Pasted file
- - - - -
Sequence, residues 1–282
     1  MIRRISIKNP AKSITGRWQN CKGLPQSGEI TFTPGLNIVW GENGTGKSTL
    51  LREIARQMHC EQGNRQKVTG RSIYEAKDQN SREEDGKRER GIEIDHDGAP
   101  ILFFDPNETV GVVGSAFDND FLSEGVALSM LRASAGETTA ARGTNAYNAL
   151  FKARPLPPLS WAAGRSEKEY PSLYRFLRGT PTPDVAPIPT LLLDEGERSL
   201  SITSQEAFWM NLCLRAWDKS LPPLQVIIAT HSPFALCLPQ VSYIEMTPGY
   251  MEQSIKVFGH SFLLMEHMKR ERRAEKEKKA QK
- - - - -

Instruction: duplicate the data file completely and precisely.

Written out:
Sequence, residues 1–282
     1  MIRRISIKNP AKSITGRWQN CKGLPQSGEI TFTPGLNIVW GENGTGKSTL
    51  LREIARQMHC EQGNRQKVTG RSIYEAKDQN SREEDGKRER GIEIDHDGAP
   101  ILFFDPNETV GVVGSAFDND FLSEGVALSM LRASAGETTA ARGTNAYNAL
   151  FKARPLPPLS WAAGRSEKEY PSLYRFLRGT PTPDVAPIPT LLLDEGERSL
   201  SITSQEAFWM NLCLRAWDKS LPPLQVIIAT HSPFALCLPQ VSYIEMTPGY
   251  MEQSIKVFGH SFLLMEHMKR ERRAEKEKKA QK